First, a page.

Of the Oregon Beer Growler
Remember those days growing up when summer wouldn’t even be half over and you’d be bombarded with the dreadful “Back to School” advertisements reminding you that classes were just around the corner?
Now imagine if your lesson plans took place in a virtual brewery. Or cidery. Or distillery.
With Portland State University’s Business of Craft Brewing program, your fun doesn’t have to come to a screeching halt when summer is over.
In fact, you might actually enjoy yourself. How do I know? I took the introductory class earlier this year — and, honestly, I can’t remember ever having this much fun in school (sorry Ms. Miller).
But don’t just take my word for it. Benjamin Morgan completed the program last summer before getting promoted to the marketing department at Firestone Walker Brewing Co. By April, he was approached by Anheuser-Busch for a job offer in Portland as a trade activation manager.
“The program is awesome for anybody looking to learn more about the industry. It's great for those who just need a kick in the ass to get their own project started and/or a better understanding of what it takes to be a part of the industry. The resources, quality of knowledge and experience of the instructors are the best out there, hands down.”
While a career with A-B InBev may not be the first thing that comes to mind when signing up for the Business of Craft Brewing, the program is actually quite diverse.
Since the program began in fall 2013, around 900 people have been enrolled in the various courses. Some people take four or five courses (earning the certificate and beyond) while some only take one or two courses, depending on their needs.
But the program isn’t just for Oregon beer lovers — or even beer lovers at all. Although beer is the No. 1 focus of students, about half as many students focus on cider. Spirits are third, with mead and kombucha rounding out the fourth.
According to program director Mellie Pullman, there was a heavy Northwest student base in the beginning, but now only about one-third of those enrolled are from Oregon and Washington. The other two-thirds of students come from all over the world. Thirty-seven states are represented, as well as Puerto Rico, Australia, Brazil, Canada, China, Germany, Japan, Mexico, Spain, Switzerland, U.K. and Africa (where there are Peace Corps and aid workers preparing for U.S. return).
“It's great to have people sharing ideas of where they think there are business opportunities. Also, people learn what's going on in different states and countries. Often they meet people from their own state and then get together with each other to see if they want to work together or just help each other in their own efforts,” Pullman said.
Pullman, who currently teaches both the basic business class and the business management class, has a wealth of knowledge. She is not only an associate professor of operations management in the PSU School of Business, but also was brewmaster and co-owner of Utah’s first brewery, Wasatch Brewery (along with many other accolades). As the first female brewmaster in modern American history, I’m sure Pullman is undoubtedly pleased that women make up 30-40 percent of the classes, with there even being a full scholarship awarded once a year by Teri Fahrendorf’s Pink Boots Society.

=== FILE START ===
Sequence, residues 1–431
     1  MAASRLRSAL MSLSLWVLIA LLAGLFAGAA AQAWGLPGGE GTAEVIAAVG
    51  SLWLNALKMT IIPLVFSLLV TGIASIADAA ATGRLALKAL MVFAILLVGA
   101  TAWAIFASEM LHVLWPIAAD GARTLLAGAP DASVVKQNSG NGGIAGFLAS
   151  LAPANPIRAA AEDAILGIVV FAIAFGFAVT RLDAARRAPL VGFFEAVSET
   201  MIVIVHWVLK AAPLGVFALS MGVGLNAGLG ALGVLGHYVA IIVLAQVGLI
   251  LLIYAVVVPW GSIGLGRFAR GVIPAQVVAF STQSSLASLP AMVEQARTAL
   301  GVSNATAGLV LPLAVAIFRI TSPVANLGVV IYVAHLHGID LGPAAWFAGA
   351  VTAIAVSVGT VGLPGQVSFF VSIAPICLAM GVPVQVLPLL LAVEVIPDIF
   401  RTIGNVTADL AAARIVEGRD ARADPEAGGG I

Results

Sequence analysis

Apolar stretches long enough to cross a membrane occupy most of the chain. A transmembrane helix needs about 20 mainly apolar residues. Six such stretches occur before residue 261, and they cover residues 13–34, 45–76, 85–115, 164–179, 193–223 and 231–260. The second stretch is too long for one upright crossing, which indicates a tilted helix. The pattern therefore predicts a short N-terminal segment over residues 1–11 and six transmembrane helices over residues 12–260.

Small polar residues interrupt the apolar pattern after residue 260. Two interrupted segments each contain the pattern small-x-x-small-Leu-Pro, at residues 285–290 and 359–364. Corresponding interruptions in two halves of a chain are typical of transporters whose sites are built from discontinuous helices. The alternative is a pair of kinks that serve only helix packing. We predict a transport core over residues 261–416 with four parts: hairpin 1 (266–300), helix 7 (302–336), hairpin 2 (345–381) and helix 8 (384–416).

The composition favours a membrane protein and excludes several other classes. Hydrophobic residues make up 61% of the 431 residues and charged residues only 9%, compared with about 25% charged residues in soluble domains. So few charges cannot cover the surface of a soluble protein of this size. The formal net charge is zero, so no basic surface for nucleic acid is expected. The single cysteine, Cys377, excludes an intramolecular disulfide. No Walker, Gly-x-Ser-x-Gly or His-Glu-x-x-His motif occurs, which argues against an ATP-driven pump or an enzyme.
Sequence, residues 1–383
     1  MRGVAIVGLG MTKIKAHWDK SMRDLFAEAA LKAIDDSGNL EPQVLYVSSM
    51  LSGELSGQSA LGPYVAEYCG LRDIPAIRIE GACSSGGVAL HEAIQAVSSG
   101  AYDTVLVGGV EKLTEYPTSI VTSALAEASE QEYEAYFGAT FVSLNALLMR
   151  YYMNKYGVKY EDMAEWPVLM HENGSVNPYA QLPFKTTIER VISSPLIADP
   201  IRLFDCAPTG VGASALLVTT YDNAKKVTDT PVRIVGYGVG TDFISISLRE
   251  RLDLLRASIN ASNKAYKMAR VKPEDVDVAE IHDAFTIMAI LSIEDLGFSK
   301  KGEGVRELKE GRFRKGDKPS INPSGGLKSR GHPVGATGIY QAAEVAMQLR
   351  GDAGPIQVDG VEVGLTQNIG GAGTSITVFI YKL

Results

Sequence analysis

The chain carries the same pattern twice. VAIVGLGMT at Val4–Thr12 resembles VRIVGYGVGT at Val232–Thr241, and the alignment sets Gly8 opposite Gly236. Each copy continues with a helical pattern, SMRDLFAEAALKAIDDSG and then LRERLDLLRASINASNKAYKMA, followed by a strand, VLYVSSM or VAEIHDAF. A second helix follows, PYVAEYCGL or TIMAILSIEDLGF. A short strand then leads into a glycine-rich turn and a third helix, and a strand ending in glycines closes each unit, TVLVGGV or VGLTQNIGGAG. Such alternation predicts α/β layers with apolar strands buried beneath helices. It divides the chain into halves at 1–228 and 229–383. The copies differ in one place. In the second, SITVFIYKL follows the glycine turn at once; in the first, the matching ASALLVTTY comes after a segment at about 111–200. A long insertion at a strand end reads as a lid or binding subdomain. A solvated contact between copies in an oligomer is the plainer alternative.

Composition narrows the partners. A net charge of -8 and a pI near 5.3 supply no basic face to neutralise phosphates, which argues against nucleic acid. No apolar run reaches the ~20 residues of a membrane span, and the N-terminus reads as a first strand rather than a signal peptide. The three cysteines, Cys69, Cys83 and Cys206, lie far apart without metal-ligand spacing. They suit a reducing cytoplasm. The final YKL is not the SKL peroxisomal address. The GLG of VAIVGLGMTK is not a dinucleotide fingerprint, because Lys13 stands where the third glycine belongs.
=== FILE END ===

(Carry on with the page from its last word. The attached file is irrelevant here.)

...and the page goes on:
In addition to Pink Boots, there is also a full scholarship awarded each year for one active or veteran military personnel, with more scholarships being added as the program moves forward.
Just like there is no shortage of diversity among students, the instructors and courses themselves offer a nice variety that evolves from year to year.
In order to complete the program and earn the certificate (as well as an investor-ready business plan), a student needs to take four required courses: the basic business class and the business management class and then two electives of their choice (which expand and get upgraded every year).
Bryan Shull of Trap Door Brewing in Vancouver, Wash., is an example of a student who didn’t need to complete the program, but said that taking the first two courses was enough to get his business plan in shape for bank financing. Shull is not a brewer, but was in need of better business information to decide if he even wanted to open a brewery. The program must have done the trick, because Trap Door Brewing will be opening its doors later this fall.
When it comes to starting up a brewery, Shull claims the program has helped him in “every way,” from cost projections, profit and losses, equipment sizing, vendor selection, business plan data to networking. He even plans to take the strategic craft beverage marketing class this winter.
Shull’s words of sage advice? “Stay on task, do not get behind EVER. This is a fast-paced course with volumes of information that build on previous weeks’ work. Getting behind is a recipe for wasted time and money.”
While this is a fully online program that requires a great deal of self-motivation, don’t let that deter you. There are plenty of attention-grabbing field videos that feature interviews with industry professionals working in their element, weekly live sessions with guest speakers from all over the country, and as I may have mentioned, a uniquely awesome virtual brewery experience.
“I still keep in contact with instructors, guest lecturers and fellow students today. The program is such that you get what you put into it, and it's worth every penny to give it your all,” Morgan concluded.
If you’re looking to expand your knowledge about the craft brewing industry, look into the Business of Craft Brewing. I promise you won’t be singing any Alice Cooper songs when “School’s Out” for summer.